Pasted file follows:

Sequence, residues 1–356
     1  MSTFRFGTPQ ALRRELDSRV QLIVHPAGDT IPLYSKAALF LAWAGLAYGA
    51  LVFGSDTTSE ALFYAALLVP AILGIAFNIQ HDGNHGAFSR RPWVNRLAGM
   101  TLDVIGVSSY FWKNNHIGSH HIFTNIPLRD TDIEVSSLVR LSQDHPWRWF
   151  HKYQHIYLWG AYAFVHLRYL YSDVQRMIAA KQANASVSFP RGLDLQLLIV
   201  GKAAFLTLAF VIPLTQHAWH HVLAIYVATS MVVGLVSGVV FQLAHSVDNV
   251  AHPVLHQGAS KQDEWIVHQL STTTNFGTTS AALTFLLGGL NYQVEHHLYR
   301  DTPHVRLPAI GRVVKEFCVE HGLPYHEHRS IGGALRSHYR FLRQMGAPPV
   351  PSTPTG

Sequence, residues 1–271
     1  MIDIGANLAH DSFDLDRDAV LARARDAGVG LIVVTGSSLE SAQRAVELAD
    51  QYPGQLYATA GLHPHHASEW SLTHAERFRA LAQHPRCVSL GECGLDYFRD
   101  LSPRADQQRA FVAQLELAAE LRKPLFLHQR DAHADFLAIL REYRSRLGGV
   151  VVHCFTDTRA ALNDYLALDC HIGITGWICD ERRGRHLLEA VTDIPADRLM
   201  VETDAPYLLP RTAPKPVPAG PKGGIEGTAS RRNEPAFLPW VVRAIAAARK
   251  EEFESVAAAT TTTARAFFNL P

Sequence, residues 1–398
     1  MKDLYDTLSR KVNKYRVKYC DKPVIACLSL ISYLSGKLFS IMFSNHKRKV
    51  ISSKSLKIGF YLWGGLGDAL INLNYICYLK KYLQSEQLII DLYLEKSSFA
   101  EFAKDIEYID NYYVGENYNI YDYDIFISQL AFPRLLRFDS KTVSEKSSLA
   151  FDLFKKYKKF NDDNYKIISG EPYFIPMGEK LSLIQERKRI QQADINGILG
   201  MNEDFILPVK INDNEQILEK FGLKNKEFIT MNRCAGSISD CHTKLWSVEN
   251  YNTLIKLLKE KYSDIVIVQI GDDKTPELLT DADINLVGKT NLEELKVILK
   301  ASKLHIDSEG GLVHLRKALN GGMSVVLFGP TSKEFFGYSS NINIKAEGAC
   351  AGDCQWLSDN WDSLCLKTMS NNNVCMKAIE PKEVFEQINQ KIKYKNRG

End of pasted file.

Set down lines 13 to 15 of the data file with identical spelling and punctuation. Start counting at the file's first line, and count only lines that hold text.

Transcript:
   101  LSPRADQQRA FVAQLELAAE LRKPLFLHQR DAHADFLAIL REYRSRLGGV
   151  VVHCFTDTRA ALNDYLALDC HIGITGWICD ERRGRHLLEA VTDIPADRLM
   201  VETDAPYLLP RTAPKPVPAG PKGGIEGTAS RRNEPAFLPW VVRAIAAARK